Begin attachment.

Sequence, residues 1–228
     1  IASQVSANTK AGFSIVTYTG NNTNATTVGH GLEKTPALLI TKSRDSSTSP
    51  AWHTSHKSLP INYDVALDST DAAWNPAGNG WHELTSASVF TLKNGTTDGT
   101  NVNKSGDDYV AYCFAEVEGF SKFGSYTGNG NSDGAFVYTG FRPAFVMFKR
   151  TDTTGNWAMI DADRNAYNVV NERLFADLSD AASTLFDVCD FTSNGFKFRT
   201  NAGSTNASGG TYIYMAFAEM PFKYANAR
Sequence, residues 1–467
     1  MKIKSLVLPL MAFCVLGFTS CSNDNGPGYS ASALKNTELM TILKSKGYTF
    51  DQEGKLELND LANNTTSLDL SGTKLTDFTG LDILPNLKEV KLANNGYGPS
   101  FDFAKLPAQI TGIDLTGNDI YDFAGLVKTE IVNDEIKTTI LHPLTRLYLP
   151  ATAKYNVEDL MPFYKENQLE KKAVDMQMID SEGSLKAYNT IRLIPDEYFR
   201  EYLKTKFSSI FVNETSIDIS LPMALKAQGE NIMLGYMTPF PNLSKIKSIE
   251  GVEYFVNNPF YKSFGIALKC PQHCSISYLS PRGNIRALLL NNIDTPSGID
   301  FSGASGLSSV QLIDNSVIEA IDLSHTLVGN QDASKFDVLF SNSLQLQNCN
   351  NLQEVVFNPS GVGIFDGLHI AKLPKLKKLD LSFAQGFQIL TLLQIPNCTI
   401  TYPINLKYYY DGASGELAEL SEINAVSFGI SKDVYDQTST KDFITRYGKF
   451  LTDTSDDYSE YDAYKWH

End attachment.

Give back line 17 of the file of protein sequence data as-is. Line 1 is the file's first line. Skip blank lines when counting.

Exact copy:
   451  LTDTSDDYSE YDAYKWH